Letter from Europe: France’s Presidential Election
It is said that history repeats itself the first time as tragedy and the second time as farce. Well, history will repeat itself for a second time on 10 May when Valéry Giscard d’Estaing and Francois Mitterrand face each other in the second round of the French presidential elections, just as they did seven years ago.
If the first time wasn’t a tragedy—it was more of an irrelevance really—the second time is certainly a farce, played out at the expense of the French working class. Both Giscard and Mitterrand stand for the same thing – the continuation of capitalism. The early stages of the campaign were enlivened by the intervention of a professional comic, Michel Colucci (Coluche), whose mocking of the professional politicians struck a chord in public opinion. But even he turned out to be as bad as the others when, after failing to get the 500 signatures needed for his candidature, he urged people to vote for Mitterrand, the candidate of La Gauche (The Left). As indeed – and of course – did the Trotskyists.
Giscard, the outgoing President, was born with several silver spoons in his mouth, even though he is not a “real” aristocrat (his father, a jumped up businessman who made a fortune out of exploiting the natives in the French colonies, bought the name d’Estaing in the 1920s). He, to use the confusing language of conventional politics, is the candidate of La Droite (The Right). To be their standard-bearer in the second round, he had to beat his former prime minister, Jacques Chirac, and ambitious and slimy politician who controls the Gaullist party. The rivalry between Giscard and Chirac was a purely personal one, their parties being nothing more than rival gangs of place-hunters (the French President has considerable powers of patronage).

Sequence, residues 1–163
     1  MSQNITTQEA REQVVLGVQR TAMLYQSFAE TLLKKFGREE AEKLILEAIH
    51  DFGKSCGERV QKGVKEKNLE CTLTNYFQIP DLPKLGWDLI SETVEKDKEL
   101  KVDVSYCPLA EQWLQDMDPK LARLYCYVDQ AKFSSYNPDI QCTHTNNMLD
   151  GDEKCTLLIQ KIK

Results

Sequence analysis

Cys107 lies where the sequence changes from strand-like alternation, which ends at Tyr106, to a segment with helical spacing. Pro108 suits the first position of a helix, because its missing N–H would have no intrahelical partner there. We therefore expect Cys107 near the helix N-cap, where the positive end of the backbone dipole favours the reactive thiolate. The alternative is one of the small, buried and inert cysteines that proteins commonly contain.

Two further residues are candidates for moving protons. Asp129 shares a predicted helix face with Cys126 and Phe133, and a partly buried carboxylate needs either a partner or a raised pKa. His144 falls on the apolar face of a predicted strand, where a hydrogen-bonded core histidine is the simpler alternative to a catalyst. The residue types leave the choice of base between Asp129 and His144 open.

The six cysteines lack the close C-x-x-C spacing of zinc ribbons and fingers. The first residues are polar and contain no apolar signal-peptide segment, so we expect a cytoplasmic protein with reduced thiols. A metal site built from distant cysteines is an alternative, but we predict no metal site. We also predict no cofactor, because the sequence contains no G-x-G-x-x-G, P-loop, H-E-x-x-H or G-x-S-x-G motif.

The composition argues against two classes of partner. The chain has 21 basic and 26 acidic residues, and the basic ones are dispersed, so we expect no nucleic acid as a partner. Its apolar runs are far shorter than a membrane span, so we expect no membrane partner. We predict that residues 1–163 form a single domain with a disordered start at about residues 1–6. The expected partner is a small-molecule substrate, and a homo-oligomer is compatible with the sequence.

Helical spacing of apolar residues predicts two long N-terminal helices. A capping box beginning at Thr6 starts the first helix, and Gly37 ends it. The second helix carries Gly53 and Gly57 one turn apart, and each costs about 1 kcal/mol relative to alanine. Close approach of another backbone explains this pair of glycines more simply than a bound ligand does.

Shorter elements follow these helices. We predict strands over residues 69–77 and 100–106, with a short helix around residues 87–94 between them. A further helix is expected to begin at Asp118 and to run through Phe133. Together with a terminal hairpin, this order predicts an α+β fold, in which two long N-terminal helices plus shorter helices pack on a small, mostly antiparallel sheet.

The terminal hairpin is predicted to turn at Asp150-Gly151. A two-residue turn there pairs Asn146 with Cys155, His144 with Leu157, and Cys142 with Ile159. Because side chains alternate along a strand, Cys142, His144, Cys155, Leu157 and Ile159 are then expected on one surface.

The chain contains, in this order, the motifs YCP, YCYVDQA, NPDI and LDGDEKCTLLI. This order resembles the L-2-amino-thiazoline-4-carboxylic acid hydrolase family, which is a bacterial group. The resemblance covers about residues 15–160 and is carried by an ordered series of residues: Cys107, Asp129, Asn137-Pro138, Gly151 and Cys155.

De Gaulle, when he came back to power in 1958, wanted to encourage the emergence of a two-party system in place of the changing, multi-party system which had been a feature of the notorious political instability that France had known. His first Prime Minister, Michel Debre (also, incidentally, a candidate in the first round of these elections but polling a derisory percentage of the votes) thus devised the two-round election system in which, if no one gets an absolute majority in the first round, two candidates (normally the top two) go through to a second round run-off held a week or so later. When the President came to be elected by universal suffrage in 1962 the same system was applied.
This has more or less had the desired effect: there are now two broad political families competing for power, La Droite et La Gauche, the Majority and the Opposition, the Ins and the Outs, Tweedledum and Tweedledee as in other capitalist parliamentary democracies like Britain, America and West Germany. But—and De Gaulle and Debre had probably not bargained for this—it has also led, in the first round of elections, to intense rivalry within these families. On the Right, between Giscard’s place-men (the UDF party) and the followers of Chirac (the RPR party). On the Left, between the so-called Socialist Party (led by Mitterrand) and the so-called Communist Party (PCF).